Friday, August 1, 2014

In Search of Friendship and Finding Peers



Many theories have been put forward and research papers written about gifted children and how they approach friendship; but it’s not complicated. They seek out their peers. People who are most like them. They might be the same age; or not. They almost certainly share common interests and enjoy each other’s company.

The idea that gifted kids are always socially awkward has been popularized in the media by television shows such as The Big Bang Theory where characters are constantly struggling with ‘fitting in’ which is not always the case. This isn't to say that making friends is always easy for gifted children; they simply view friendship and peer relationships in a different way.

Parents sometimes worry that their child does not have a large circle of friends. It should be noted that gifted children can be very selective in who they choose as friends. They may reject offers of friendship from other children based on their unique view of the world around them and self-concepts. In a recent study, it was determined that contrary to popular belief, they do not suffer from peer rejection any more than children in the general population. (Bain and Bell, 2004) They prefer to form relationships on their own terms.

As in any discussion of gifted children, levels of giftedness must be acknowledged. The ease with which these children develop friendships is often affected by their distance from the norm. Meckstroth and Kearney in Off the Charts Asynchrony and the Gifted Child state,

“Their intellectual and personality characteristics amplify their life experiences, and their differences from the norm tend to exacerbate their sense of dissonance with others.” (285)


High levels of giftedness more often than not are associated with sensitivities, introversion, perfectionism, and a sense of fairness; all factors that affect friendships.

The role of asynchronous development in finding friends can make life interesting for the gifted child but stressful for their parents. Age is often not a determining factor in who they choose as friends. A 10 year-old may feel just as comfortable discussing the latest developments in game theory with a high school student as they are playing a video game with an age-peer.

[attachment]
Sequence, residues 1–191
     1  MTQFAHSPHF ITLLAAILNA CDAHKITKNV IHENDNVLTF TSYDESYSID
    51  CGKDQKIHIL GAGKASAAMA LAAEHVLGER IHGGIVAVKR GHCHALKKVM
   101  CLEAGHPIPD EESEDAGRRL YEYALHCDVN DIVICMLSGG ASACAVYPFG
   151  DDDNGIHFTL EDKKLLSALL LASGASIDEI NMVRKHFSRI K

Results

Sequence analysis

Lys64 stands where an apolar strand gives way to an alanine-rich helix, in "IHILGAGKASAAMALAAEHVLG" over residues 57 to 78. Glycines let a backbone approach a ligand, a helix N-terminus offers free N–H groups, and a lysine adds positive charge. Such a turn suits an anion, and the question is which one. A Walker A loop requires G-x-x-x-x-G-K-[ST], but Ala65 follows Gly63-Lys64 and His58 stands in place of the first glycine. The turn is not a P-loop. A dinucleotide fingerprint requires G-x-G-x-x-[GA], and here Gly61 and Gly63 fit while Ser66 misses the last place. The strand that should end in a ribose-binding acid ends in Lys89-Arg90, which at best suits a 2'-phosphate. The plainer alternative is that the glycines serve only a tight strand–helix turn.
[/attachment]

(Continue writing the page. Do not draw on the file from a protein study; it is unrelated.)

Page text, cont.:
Maintaining relationships is another matter. Parents play an important role in guiding the choice of friends when their children are young. Christine Fonseca reminds us in her book, Emotional Intensity in Gifted Students:

“Relationships are difficult in the best of situations. This particularly can be true with gifted children, as the rigid nature of their thinking patterns and the overly sensitive emotional nature of their personality can cause conflict with both peers and adults. Typical relationship issues, including developing healthy friendships, bullying problems, trying to ‘fit in’ and handling peer pressure, are appropriate topics for role-playing and parent coaching.”  


There are times, of course, when your child may decide to be friends with someone you feel is a bad influence. You need to tread carefully and consider whether or not to intervene. It may be better to let your child make the decision in this case.

Ultimately, we want our children to be happy. As adults, we generally base our conception of what happiness means based on our own life experiences. Young children need guidance, but if we do our job right … they will find their path to happiness. Providing a strong foundation by modeling the formation of positive and healthy friendships will go a long way in assuring they can do the same.